Tags: death | dignity | new | jersey

NJ Lawmaker Proposes 'Death With Dignity' Bill

Thursday, 27 Sep 2012 10:06 AM

By Sandy Fitzgerald

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A New Jersey lawmaker this week proposed a bill to grant doctors the right to prescribe lethal doses of drugs to terminally ill patients, saying he wants them to have the option to decide when and how they will die.
 
Democratic Assemblyman John Burzichelli quietly proposed the New Jersey “Death with Dignity Act“ earlier this week, reports the Star-Ledger, saying he expects there to be a long debate over the bill.
 
“People are not favorable to a Dr. Kevorkian suicide bill that says someone who’s 45 and depressed and decides to kill themselves with help,” said Burzichelli. “That’s not what this bill is.“
 
The law would not be enacted without voter approval, and Burzichelli said he’s not sure if the final version will call for a public referendum. Patients, not doctors, would give themselves the fatal dose of drugs.
 
The bill says patients who want to die will have to first request a prescription verbally. And then, after a 15-day waiting period, would need to follow up with another verbal request and then one in writing that’s signed by two witnesses. The legislation would cover people whose life expectancy is at six months or less.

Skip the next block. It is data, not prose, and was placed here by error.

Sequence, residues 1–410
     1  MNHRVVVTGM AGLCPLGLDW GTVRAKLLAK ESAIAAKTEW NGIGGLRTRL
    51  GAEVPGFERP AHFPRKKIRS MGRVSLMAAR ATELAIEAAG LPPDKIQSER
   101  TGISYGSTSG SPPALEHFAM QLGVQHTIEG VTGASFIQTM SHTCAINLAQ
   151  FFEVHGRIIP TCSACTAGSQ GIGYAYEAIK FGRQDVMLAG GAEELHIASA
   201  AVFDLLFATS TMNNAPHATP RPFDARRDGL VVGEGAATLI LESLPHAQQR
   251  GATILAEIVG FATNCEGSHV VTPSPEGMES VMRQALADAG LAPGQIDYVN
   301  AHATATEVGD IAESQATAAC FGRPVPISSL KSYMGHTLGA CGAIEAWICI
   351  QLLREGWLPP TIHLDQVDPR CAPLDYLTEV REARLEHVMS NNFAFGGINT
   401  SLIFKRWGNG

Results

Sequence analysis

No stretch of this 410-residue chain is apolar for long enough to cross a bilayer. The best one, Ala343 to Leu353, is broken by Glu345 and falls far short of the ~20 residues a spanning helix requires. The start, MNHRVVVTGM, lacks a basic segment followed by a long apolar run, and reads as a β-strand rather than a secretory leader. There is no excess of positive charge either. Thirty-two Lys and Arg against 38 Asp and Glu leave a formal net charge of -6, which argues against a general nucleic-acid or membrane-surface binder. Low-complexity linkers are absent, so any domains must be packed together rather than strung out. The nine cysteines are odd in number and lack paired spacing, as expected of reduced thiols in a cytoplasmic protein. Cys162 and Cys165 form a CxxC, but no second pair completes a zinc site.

After the requests are made, the doctor has to offer the patient a chance to change his or her mind, and recommend the patient’s next of kin be notified. The bill requires a second opinion be made about the patient’s diagnosis, and the second doctor would have to affirm the patient is capable of making the decision and is making it voluntarily.
 
Patients with impaired judgment will not be eligible, and would have to be referred for counseling, and hospitals would retain the right to forbid their doctors from writing the fatal dose prescription.
 
The bill is modeled after laws in Oregon and Washington, the only states with such legislation.

Montana also allows it, based on a court decision. A similar law is on the November ballot in Massachusetts, and other “dignity” bills have been rejected in California, Maine, and Michigan since the 1990s.

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